Taking A Bite Out Of Michael Vick's Publicity Rights: An Analysis Of How Teh Right Of Publicity Should Be Treated After A Celebrity Is Convicted Of A Crime, Stephen Reginald Fowler

Journal of Intellectual Property Law

No abstract provided.


Rights Of Publicity: A Practitioner's Enigma, Gil N. Peles Esq. 2016 Proskauer Rose LLP

Rights Of Publicity: A Practitioner's Enigma, Gil N. Peles Esq.

Journal of Intellectual Property Law

No abstract provided.


Beyond Irbs: Ethical Guidelines For Data Research, Omer Tene, Jules Polonetsky 2016 Future of Privacy Forum

Beyond Irbs: Ethical Guidelines For Data Research, Omer Tene, Jules Polonetsky

Washington and Lee Law Review Online

No abstract provided.


It Stands To Reason: An Argument For Article Iii Standing Based On The Threat Of Future Harm In Data Breach Litigation, John Biglow 2016 University of Minnesota Law School

It Stands To Reason: An Argument For Article Iii Standing Based On The Threat Of Future Harm In Data Breach Litigation, John Biglow

Minnesota Journal of Law, Science & Technology

No abstract provided.


An Unconstitutional Work Of Art: Discussing Where The Federal Government's Discrete Intrusions Into One's Privacy Become An Unconstitutional Search Through Mosaic Theory, Steven Graziano 2016 University of Minnesota Law School

An Unconstitutional Work Of Art: Discussing Where The Federal Government's Discrete Intrusions Into One's Privacy Become An Unconstitutional Search Through Mosaic Theory, Steven Graziano

Minnesota Journal of Law, Science & Technology

No abstract provided.


Clapper Dethroned: Imminent Injury And Standing For Data Breach Lawsuits In Light Of Ashley Madison, Arthur R. Vorbrodt 2016 Washington and Lee University School of Law

Clapper Dethroned: Imminent Injury And Standing For Data Breach Lawsuits In Light Of Ashley Madison, Arthur R. Vorbrodt

Washington and Lee Law Review Online

No abstract provided.


If You Fly A Drone, So Can Police, Stephen E. Henderson 2016 University of Oklahoma College of Law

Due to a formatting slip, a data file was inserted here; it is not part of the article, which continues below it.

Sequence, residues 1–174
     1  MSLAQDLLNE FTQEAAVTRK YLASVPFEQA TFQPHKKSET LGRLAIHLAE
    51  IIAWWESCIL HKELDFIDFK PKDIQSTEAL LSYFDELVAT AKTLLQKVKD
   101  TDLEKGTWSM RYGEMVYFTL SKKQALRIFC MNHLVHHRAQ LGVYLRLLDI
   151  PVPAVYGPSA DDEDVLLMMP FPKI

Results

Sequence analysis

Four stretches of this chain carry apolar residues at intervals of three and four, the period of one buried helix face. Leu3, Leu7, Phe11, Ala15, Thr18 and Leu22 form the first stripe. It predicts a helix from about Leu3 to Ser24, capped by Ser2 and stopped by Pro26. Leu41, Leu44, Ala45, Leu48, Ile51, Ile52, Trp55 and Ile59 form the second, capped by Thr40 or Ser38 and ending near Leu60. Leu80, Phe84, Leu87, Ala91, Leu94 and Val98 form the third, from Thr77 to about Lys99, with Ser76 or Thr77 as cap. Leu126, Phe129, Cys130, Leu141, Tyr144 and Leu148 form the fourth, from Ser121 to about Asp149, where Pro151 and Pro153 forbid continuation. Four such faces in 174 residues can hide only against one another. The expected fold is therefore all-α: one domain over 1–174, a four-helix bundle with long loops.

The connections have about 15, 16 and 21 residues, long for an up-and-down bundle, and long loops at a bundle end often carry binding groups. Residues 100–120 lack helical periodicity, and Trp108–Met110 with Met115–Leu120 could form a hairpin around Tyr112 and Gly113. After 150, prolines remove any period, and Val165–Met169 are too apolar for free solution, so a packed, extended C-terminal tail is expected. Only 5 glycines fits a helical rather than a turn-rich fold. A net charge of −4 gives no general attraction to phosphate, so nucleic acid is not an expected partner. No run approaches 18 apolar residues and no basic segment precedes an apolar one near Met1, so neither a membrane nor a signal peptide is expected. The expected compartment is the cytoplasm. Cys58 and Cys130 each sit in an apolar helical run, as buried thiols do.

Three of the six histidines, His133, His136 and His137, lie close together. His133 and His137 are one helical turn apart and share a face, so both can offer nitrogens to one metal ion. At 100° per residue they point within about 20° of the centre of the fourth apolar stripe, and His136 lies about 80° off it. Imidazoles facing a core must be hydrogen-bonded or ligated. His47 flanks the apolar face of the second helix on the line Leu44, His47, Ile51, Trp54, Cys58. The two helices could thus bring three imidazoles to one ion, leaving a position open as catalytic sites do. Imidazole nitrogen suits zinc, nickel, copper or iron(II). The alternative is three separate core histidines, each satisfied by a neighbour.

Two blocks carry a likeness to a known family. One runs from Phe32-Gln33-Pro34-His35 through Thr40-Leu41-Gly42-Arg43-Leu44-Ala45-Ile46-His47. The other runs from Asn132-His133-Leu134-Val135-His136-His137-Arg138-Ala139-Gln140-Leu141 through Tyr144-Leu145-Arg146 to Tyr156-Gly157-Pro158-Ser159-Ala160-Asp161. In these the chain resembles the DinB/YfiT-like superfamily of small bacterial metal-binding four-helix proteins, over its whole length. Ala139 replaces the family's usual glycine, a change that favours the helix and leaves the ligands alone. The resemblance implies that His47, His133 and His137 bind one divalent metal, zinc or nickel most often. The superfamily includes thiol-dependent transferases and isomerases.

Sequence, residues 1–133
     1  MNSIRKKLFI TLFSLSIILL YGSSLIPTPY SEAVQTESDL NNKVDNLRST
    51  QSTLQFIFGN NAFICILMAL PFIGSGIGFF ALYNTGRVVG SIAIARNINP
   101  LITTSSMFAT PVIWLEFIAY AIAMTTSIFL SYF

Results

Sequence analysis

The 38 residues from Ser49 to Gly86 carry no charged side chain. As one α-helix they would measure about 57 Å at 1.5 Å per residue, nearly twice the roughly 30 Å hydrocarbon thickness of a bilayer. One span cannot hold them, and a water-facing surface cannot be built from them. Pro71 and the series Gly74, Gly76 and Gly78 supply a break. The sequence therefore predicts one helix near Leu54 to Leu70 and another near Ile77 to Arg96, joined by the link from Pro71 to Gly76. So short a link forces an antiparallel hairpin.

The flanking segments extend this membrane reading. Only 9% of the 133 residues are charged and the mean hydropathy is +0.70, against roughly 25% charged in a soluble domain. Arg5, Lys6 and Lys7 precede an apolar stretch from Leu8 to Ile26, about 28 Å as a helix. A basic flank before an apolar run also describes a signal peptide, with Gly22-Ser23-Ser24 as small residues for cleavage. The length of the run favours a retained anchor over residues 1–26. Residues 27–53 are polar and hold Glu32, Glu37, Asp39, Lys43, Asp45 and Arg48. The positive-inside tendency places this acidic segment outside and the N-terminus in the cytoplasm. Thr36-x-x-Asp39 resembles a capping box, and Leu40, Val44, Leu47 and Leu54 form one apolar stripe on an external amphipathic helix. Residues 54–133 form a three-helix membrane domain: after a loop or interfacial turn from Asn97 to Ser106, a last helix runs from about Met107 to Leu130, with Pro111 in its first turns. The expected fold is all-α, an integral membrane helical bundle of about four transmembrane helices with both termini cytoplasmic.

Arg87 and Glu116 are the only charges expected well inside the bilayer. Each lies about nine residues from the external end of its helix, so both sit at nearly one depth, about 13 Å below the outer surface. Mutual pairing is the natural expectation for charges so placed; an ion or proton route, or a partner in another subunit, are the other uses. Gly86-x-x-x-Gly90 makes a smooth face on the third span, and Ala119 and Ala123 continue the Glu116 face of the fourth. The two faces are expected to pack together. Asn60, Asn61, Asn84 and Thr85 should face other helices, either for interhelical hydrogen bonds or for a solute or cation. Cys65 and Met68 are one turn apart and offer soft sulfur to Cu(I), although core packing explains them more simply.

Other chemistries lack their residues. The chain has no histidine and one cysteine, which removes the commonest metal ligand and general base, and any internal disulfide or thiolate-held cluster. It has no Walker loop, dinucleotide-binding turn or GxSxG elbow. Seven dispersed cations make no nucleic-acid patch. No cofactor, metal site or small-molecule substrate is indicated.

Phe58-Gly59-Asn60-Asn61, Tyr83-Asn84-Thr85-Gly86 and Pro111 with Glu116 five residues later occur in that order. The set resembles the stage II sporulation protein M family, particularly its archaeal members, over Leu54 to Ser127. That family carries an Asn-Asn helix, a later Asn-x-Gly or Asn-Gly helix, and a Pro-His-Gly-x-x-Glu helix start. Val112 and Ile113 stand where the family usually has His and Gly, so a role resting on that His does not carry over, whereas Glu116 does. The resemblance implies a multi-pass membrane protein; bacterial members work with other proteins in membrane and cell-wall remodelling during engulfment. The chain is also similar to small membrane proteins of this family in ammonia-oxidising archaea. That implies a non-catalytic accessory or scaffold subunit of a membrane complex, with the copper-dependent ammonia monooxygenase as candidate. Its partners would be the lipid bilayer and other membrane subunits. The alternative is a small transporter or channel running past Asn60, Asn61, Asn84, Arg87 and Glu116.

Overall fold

If You Fly A Drone, So Can Police, Stephen E. Henderson

Stephen E Henderson


According to the U.S. Constitution, the more you fly your drone, the more police can fly theirs. “Come on,” you might reply, “that hoary document”—and, yes, sorry to make you the sort who drops words like hoary—“that hoary document surely says nothing about drones.” But in fact it does. At least it does as interpreted by the courts. In particular, it is how they interpret the Fourth Amendment. So, to understand this aspect of drones, we first must understand this provision of the Bill of Rights...


Table Of Contents, 2016 The Catholic University of America, Columbus School of Law

Table Of Contents

Catholic University Journal of Law and Technology

No abstract provided.


Baring All: Legal Ethics And Confidentiality Of Electronically Stored Information In The Cloud, Whitney Morgan 2016 Catholic University of America (Student)

Baring All: Legal Ethics And Confidentiality Of Electronically Stored Information In The Cloud, Whitney Morgan

Catholic University Journal of Law and Technology

No abstract provided.


Wearable Devices As Admissible Evidence: Technology Is Killing Our Opportunity To Lie, Nicole Chauriye 2016 Catholic University of America, Columbus School of Law

Wearable Devices As Admissible Evidence: Technology Is Killing Our Opportunity To Lie, Nicole Chauriye

Catholic University Journal of Law and Technology

No abstract provided.


Exporting Internet Law Through International Trade Agreements: Recalibrating U.S. Trade Policy In The Digital Age, Markham C. Erickson, Sarah K. Leggin 2016 Steptoe & Johnson LLP

Exporting Internet Law Through International Trade Agreements: Recalibrating U.S. Trade Policy In The Digital Age, Markham C. Erickson, Sarah K. Leggin

Catholic University Journal of Law and Technology

No abstract provided.